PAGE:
Why history matters to Singapore

The following is the text of Dr PJ Thum's remarks at the Singapore Theatre Festival’s Art and Life Session #03, “History, His Story, Whose Story?”, Sunday 24 July 2016. His fellow speakers were Tan Pin Pin, Sonny Liew, and Jason Soo, and the panel was moderated by Alfian Sa'at.

By Thum Ping Tjin

Our assumptions about our past shape how we read the events of today. Not just that, but they are used to justify certain policies, and argue for certain values which shape our society.

Last week, Daniel Goh mentioned the 1964 riots. I disagreed with his characterisation of the riots and tried to argue with him about it. I don’t think he understood the point I was trying to make, but to be fair, I didn’t make it very well. Which was that context matters in how we understand history. Framing matters in how we understand history. And how we understand our own history affects how we understand events today. Calling the 1964 riots “race” riots implies that it was a fight between two races, between Malays and Chinese, and it is routinely trotted out to explain why Singapore has extremely fragile race relations, why we need to clamp down on any discussion on race, for fear of upsetting a fragile racial balance.

The problem is, to call it a race riot is to neglect the fundamental cause of the riot. Which was politicians manipulating the race issue for their own political gain. And by misunderstanding it, we then apply the wrong lessons to Singapore today.

The problem is, to call it a race riot is to neglect the fundamental cause of the riot. Which was politicians manipulating the race issue for their own political gain. And by misunderstanding it, we then apply the wrong lessons to Singapore today.

So let me briefly explain the root cause of the riot. It starts in 1961, as Lee Kuan Yew was losing popularity in Singapore. He was going to lose the next election, and he needed an issue that he could control, to regain popularity, to reassert his authority within the PAP, and to win the next election. And the only issue that he could immediately control was merger.

But the Federation leadership did not want all of Singapore’s Chinese in the Federation. And not because of race, but because of politics. It would dilute the UMNO vote and undermine its claim to power. That’s what they really cared about. So how could Lee change the Tunku’s mind? By scaring him into believing that Singapore’s Chinese were communist and chauvinist, and were about to kick out the PAP and elect a militant communist, Pro-China government.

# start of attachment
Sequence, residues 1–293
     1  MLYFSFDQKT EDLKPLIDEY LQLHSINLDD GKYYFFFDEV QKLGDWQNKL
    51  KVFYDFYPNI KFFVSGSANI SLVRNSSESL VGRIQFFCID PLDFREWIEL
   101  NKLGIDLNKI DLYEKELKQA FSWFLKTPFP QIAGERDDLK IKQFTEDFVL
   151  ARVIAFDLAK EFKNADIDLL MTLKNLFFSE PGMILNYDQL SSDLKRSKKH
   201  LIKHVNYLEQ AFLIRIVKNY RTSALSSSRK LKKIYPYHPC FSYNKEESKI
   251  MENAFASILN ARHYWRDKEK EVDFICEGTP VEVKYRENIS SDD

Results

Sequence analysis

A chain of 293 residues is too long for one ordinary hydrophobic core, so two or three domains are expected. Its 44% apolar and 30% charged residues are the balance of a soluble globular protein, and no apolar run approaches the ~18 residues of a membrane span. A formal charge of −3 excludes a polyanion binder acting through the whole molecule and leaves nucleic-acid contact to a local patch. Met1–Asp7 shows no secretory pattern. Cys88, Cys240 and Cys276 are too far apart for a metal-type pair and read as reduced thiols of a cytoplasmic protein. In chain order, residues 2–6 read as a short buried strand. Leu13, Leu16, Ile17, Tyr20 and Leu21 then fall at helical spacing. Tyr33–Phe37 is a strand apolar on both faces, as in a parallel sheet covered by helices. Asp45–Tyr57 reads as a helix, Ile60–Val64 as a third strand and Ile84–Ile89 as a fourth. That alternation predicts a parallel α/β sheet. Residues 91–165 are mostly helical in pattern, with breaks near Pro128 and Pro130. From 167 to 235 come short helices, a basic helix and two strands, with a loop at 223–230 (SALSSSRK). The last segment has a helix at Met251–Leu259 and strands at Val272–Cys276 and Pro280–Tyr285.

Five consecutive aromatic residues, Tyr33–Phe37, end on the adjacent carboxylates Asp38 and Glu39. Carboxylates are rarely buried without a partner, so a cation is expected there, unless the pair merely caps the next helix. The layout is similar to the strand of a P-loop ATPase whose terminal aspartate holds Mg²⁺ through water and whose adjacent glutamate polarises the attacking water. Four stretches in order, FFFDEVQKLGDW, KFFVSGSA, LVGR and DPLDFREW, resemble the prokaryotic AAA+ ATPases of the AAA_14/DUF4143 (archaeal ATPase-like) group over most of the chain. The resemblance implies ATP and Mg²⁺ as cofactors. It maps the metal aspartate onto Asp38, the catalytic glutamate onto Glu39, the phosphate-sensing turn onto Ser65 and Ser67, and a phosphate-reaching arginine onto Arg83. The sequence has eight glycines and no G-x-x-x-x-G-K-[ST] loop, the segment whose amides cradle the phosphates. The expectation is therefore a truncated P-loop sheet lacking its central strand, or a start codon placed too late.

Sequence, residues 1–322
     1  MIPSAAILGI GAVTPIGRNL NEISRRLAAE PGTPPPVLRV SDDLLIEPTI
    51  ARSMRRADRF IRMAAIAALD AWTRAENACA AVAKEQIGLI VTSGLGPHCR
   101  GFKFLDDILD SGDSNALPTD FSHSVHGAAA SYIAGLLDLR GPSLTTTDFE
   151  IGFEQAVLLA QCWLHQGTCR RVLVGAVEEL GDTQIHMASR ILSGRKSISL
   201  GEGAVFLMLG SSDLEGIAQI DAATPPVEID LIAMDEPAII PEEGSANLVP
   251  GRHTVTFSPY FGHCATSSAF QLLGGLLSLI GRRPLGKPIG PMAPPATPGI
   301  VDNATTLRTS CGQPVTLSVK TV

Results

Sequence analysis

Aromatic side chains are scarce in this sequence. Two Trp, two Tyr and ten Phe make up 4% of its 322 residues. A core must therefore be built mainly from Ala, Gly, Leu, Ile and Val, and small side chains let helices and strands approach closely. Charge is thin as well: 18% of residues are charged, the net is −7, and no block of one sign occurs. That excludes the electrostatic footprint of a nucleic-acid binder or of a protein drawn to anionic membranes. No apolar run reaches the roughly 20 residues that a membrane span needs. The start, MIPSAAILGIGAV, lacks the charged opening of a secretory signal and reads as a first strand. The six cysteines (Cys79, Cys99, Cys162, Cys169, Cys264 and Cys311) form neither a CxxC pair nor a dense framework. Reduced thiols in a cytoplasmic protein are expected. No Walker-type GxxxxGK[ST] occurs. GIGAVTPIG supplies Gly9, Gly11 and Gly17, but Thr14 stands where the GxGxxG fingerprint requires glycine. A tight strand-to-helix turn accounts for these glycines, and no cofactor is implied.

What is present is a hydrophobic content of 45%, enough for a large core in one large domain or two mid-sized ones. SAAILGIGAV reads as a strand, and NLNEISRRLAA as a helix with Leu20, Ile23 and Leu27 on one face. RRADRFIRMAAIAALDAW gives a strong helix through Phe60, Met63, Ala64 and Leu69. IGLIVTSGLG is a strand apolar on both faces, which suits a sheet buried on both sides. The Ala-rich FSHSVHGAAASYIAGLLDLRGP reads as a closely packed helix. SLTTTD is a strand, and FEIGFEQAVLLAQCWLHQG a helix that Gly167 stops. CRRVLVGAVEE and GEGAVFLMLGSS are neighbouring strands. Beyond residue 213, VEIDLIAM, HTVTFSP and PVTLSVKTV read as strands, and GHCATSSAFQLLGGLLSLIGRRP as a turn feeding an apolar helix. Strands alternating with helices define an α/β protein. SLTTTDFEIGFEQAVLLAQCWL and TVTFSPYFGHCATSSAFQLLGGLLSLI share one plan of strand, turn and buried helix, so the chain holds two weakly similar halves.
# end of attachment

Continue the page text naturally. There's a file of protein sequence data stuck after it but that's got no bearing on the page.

This was totally untrue - it was Lee Kuan Yew, not the PAP Left, who was in an active conspiracy with the Malayan Communist Party. But Lee argued that the only way to save Malaya from descending into civil war was merger, for the Federation to take in Singapore and assume control of Singapore’s security. So it is Lee who plays the race card first, painting a false picture of Singapore’s domestic political situation to scare the Tunku and the UMNO leaders.

Naturally when the Tunku finally agrees to merger, he wants a form of merger that guarantees two things. That Singapore’s citizens cannot vote in the rest of Malaysia, and that Singapore political parties do not run in the rest of Malaysia. That way, Singapore’s “dangerous” Chinese are quarantined in Singapore. And Lee agrees to this situation because he needs merger to save himself. He agrees that Malaysia must always be a Malay country. He does not care that merger, as constructed, is a form of semi-colonialism for Singapore, because we are under-represented in the Dewan Rakyat (the Malaysia parliament).

In Singapore’s 1963 Elections, UMNO politicians actively campaigned in Singapore for the Singapore UMNO, arguing that Singapore’s Malays are second-class citizens. UMNO Secretary-General Syed Jaafar Albar came to Singapore and called the PAP Malay politicians un-Islamic and traitors to the Malay race. Singaporeans ignored him and every single UMNO candidate lost. But the next year, Lee uses this as an excuse to break his promise to the Tunku. The PAP ran candidates north of the causeway in the 1964 Malaysia General Election, and Devan Nair won in Bangsar. This is the exact thing that the UMNO leadership feared. And to them it proves exactly the point that Lee had made before merger, that Singapore’s Chinese are dangerous, they cannot be trusted, they will stab you in the back, try to take over Malaysia and end Malay supremacy.

Worse, Lee then forms the Malaysia Solidarity Convention with opposition parties in Malaysia, attacking the one thing that UMNO can never compromise on: Malay supremacy. Lee’s actions embolden the more hardline nationalist elements in UMNO, whom he called the Malay Ultras. Lee became UMNO’s archenemy, and the more Lee tried to address this growing antagonism, whether by conciliation, compromise, or confrontation, the worse it became.